The U.S. Food and Drug Administration (FDA) has approved SolensiaTM to control the pain of osteoarthritis (OA) in cats, helping improve their mobility, comfort and overall well-being. Solensia is a once-monthly injection administered in a veterinary clinic.
Feline OA is a highly prevalent condition affecting nearly 40% of all cats. OA occurs when the protective tissue in the joints (cartilage) is worn down, causing bones to rub together. This makes moving harder and causes severe pain. Without treatment, OA pain can worsen over time and can seriously affect a cat’s long-term health and well-being.
This condition has typically been undertreated because of a lack of options, but this new treatment could be a game changer. Solensia is a monoclonal antibody therapy administered in the clinic that targets Nerve Growth Factor to control feline OA pain. You may have heard of monoclonal antibody therapy being used in the fight against COVID-19. This is the first monoclonal antibody treatment approved by the FDA for animals.
Frunevetmab, the active ingredient in Solensia, is a cat-specific monoclonal antibody (a type of protein) designed to recognize and attach to a protein called nerve growth factor (NGF) that is involved in the regulation of pain. When frunevetmab binds to NGF, it prevents the pain signal from reaching the brain.
“Advancements in modern veterinary medicine have been instrumental in extending the lives of many animals, including cats. But with longer lives come chronic diseases, such as osteoarthritis,” said FDA Director for Veterinary Medicine Steven M. Solomon, M.P.H., D.V.M. “We hope that the approval of the first monoclonal antibody by the FDA for any animal species will expand research and development of other monoclonal antibody products to treat animal diseases.”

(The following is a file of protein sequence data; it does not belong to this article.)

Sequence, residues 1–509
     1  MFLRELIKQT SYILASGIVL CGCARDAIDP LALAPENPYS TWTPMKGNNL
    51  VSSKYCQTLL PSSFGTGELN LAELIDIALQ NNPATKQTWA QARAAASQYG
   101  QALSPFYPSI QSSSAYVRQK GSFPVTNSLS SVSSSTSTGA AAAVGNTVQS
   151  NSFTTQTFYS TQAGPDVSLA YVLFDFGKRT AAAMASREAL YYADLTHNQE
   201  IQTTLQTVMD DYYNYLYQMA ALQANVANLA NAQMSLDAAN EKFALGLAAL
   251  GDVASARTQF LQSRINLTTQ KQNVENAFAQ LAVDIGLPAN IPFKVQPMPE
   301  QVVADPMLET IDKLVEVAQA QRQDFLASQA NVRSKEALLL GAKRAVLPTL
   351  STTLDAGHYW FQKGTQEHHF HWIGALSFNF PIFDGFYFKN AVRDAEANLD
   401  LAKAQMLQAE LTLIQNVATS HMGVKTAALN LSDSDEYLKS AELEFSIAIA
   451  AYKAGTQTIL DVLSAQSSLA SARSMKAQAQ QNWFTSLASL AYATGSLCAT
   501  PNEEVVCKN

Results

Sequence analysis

Because of the difficulty in assessing chronic pain levels in cats, the FDA looked at whether the overall evidence supported the conclusion that Solensia was effective in controlling pain associated with osteoarthritis in cats.
The effectiveness of Solensia was evaluated in two effectiveness studies using three clinical assessments that measured different aspects of pain associated with osteoarthritis in cats.
Overall, the cats in the treatment group had better assessment scores than those in the control group.
The most common side effects seen in cats treated with Solensia included vomiting, diarrhea, injection site pain, scabbing on the head and neck, dermatitis and pruritus (itchy skin). These effects were relatively mild and did not require cessation of treatment.